Can you recall the last time you thought of the Christian life as playful? Me either. In fact, I believe most people would be very reluctant to put the words “playful” and “Christian” in the same sentence. Imagine then, how surprising and intriguing it was to see that someone had written an entire book on the subject. I recently finished reading the book The Well-Played Life – Why Pleasing God Doesn’t Have to Be Such Hard Work by Leonard Sweet. From beginning to end, the book tells the tale of the pleasure God takes in people, and how, as we humans progress through the Three Ages described by Dr. Sweet, we should live in a way that returns the compliment. Suggestions for joining in the fun of “playing with God in the Garden” – the best metaphor for discipleship according to Dr. Sweet – are skillfully and imaginatively presented in The Well-Played Life.
Why is it, do you think, that Christians are perceived as hardworking, humorless party-poopers? The Well-Played Life examines how this image came about and reminds us that the only people who can redesign this perception are Christians. Contained in the chapters are many vivid examples of joyful, exciting and God-pleasing events in scripture, especially in the life of Christ, which can inspire us to look at our lives as believers not as work, but as happy, creative activity. In the early pages of the book there is a very provocative thought tossed out to us: ”It’s time to abolish work. It’s time for a theology of play.”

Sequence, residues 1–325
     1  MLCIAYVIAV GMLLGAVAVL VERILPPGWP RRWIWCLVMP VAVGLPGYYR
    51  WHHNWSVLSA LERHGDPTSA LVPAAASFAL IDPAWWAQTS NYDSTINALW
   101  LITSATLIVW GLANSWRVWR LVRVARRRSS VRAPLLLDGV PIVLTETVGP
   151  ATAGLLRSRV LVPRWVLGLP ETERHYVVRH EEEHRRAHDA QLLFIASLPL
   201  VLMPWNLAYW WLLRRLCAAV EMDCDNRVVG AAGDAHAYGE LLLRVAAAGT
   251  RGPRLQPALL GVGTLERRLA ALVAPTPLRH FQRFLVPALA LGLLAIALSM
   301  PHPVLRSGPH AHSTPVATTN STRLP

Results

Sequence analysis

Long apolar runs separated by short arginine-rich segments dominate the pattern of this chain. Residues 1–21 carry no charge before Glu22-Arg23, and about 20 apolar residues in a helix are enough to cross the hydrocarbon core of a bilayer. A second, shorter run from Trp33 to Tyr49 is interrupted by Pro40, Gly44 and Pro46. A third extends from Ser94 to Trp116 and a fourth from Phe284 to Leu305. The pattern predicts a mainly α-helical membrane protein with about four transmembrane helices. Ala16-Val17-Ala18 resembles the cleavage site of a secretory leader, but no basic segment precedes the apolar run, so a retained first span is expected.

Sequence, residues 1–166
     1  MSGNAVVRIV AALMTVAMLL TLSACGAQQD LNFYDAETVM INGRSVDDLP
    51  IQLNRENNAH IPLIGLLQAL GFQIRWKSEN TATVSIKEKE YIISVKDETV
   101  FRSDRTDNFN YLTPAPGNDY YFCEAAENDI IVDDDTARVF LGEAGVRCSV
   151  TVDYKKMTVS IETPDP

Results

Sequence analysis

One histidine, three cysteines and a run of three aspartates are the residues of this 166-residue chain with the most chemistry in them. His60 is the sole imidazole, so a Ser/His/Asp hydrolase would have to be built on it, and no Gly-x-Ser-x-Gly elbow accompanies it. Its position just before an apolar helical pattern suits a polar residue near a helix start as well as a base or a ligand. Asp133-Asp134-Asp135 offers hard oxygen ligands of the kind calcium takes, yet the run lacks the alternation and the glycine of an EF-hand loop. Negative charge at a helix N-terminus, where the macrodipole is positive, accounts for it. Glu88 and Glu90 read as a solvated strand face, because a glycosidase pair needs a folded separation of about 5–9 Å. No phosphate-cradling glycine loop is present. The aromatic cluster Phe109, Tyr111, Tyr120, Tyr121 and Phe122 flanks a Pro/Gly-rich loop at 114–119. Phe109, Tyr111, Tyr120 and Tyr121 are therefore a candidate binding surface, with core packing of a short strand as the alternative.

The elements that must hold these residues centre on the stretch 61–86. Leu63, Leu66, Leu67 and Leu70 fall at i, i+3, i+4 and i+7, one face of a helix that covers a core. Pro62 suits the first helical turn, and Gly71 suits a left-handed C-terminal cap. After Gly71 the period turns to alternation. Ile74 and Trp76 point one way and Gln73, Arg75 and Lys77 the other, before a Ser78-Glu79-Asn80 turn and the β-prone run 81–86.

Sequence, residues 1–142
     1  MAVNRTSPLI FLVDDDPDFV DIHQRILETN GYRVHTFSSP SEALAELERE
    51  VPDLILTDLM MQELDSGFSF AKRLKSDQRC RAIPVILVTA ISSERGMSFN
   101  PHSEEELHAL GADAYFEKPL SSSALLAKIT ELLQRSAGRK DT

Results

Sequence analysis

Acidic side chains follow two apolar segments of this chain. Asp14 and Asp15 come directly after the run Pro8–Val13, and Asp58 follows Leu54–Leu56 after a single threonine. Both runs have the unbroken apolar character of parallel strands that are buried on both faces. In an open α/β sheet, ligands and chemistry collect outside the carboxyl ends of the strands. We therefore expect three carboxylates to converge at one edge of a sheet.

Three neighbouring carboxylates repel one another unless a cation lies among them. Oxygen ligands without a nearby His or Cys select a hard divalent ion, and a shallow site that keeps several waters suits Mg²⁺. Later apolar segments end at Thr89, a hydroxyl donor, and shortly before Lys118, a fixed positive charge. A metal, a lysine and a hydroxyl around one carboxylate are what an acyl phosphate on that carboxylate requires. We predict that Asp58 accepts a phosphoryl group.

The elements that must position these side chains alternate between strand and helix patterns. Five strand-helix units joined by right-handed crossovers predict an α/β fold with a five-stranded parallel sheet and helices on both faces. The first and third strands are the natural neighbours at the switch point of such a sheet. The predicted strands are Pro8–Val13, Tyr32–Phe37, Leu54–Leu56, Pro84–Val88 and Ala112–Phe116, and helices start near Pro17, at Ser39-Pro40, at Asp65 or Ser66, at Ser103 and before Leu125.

Using the frame work of the Three Ages – First Age (0-30) Novice Players; Second Age (30-60)Real Players; Third Age (60-90+) Master Players , Dr. Sweet defines each age, pointing out their challenges and strengths under chapter headings such as Follow the Leader, Cave Dwellers, Play in the Dirt, Rock-Paper-Scissors, and Angry Birds. But don’t get the notion that this book is all cotton candy and Skittles. It is filled with goodness, truth, and beauty as well as puzzlers, pointers and playful practices for those who wish to live “in sync with the Spirit,” in Dr. Sweet’s words.
I must admit I had fun reading this book, but it also convicted me. I saw that at times I am among the rock-faced-and-rigid barrier of believers that can be so intimidating to those who don’t yet know Christ. I would rather be identified as a member of the family of living stones that form the spiritual dwelling of a joy-filled Jesus. If that transfiguration is going to happen, I better get praying, and playing.
A summary of this book in less than 140 characters: When we are clothed in God’s glory, we are in our play clothes.
Disclaimer – I was sent a free copy of the book The Well-Played Life – Why Pleasing God Doesn’t Have to Be Such Hard Work by Leonard Sweet from Tyndale Momentum. My opinions are my own.